January 18, 2017
Guest host David Sedaris presents two stories about people who have guilty consciences—or ought to. In “Juniper Tree,” by Lorrie Moore, a trio of old friends visits a fourth friend—who’s just died. It’s read by Jill Eikenberry. And there’s a poison pen at work in a picturesque town, in Shirley Jackson’s “The Possibility of Evil,” read by Dana Ivey.
January 11, 2017
Guest host Jane Kaczmarek presents two stories about people who beat the odds. In Lauren Groff’s “At the Round Earth’s Imagined Corners,” read by Amy Ryan, a sensitive boy grows up in a house full of snakes. Then, writer Kiese Laymon recalls coming of age in racist Jackson, Mississippi in his memoir “How to Slowly Kill Yourself and Others in America,” read by Brandon J. Dirden.
January 8, 2017
From award-winning American feminist writer, Roxane Gay, we feature a powerful story about feeling trapped and wanting to run away. "How" is from Gay's new story collection Difficult Women which explores women's lives and issues of race, class and sex. Yes, it's a dark story, but hopeful, too. Reader Amber Tamblyn, a friend of Gay's, is known for her work on The Sisterhood of the Traveling Pants, Joan of Arcadia and Two and A Half Men.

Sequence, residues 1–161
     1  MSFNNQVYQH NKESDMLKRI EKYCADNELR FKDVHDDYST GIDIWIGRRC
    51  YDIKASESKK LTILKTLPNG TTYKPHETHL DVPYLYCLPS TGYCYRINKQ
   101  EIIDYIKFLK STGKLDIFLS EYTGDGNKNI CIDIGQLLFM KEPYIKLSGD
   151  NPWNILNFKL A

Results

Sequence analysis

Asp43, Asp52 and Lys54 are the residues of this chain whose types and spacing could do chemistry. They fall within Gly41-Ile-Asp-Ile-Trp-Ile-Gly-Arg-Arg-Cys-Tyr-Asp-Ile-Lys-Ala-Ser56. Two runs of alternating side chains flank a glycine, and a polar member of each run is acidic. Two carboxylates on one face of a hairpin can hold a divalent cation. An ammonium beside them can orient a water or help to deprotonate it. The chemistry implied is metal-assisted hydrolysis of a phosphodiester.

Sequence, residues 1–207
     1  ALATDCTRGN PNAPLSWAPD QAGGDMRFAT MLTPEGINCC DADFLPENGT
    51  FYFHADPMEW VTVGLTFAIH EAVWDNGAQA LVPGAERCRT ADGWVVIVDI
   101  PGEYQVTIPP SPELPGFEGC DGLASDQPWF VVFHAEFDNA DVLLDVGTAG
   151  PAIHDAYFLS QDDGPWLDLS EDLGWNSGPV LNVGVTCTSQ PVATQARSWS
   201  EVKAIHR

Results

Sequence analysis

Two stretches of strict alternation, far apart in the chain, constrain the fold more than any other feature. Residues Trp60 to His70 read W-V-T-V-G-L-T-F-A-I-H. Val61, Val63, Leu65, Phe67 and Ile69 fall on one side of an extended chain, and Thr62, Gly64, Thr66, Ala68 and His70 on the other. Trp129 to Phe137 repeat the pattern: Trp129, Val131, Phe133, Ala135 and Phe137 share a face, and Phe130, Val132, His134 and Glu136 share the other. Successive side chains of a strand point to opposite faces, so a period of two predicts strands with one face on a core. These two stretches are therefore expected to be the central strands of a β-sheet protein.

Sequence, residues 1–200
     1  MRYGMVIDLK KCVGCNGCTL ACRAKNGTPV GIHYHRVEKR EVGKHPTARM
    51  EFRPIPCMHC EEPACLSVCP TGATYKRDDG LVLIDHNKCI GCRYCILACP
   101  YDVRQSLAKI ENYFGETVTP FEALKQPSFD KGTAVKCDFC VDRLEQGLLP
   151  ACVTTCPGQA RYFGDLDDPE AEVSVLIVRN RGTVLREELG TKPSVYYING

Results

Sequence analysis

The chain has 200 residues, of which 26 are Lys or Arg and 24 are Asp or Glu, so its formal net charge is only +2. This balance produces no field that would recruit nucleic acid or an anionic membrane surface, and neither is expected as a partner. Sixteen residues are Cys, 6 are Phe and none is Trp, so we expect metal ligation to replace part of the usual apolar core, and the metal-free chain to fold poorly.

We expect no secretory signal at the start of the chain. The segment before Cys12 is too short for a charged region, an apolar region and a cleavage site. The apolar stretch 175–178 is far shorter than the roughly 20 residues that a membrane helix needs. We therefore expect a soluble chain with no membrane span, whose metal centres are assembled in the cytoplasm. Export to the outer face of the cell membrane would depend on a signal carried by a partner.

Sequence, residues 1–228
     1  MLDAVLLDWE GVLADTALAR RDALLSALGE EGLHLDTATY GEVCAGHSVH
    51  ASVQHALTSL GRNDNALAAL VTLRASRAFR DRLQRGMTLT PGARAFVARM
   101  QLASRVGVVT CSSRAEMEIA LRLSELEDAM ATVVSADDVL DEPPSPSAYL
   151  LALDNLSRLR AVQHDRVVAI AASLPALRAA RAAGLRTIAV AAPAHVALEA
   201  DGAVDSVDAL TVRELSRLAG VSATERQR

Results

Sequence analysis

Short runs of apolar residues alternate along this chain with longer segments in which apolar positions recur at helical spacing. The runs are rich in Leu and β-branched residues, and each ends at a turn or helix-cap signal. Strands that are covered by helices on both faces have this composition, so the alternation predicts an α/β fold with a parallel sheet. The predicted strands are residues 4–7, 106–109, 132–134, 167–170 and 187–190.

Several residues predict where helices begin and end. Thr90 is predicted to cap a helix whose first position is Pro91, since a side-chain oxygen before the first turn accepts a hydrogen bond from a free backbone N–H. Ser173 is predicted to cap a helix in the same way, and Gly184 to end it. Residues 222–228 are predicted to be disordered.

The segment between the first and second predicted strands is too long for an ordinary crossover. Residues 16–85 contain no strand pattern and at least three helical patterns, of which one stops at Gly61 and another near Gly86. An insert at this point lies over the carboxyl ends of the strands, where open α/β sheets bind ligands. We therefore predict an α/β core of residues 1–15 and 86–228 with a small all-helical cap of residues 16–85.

January 4, 2017
Guest host Cynthia Nixon presents two stories about new beginnings and missed connections. Philip K. Dick’s classic sci-fi story “Beyond Lies the Wub” asks what it is to be human. The reader is Denis O’Hare. And a Russian émigré eagerly awaits the New York City of his dreams in Lara Vapnyar’s “Waiting for the Miracle,” read by David Costabile.
December 29, 2016
Guest host Hope Davis presents funny four tales about things going wrong. George Saunders imagines “Lars Farf, Excessively Fearful Father and Husband,” as read by James Naughton. A kindergartener has a secret in “Charles,” by Shirley Jackson, read by Lois Smith. The big bang is coming, in “Game,” by Donald Barthelme, read by David Strathairn. And Isaiah Sheffer offers up “Lamentations of the Father,” by Ian Frazier.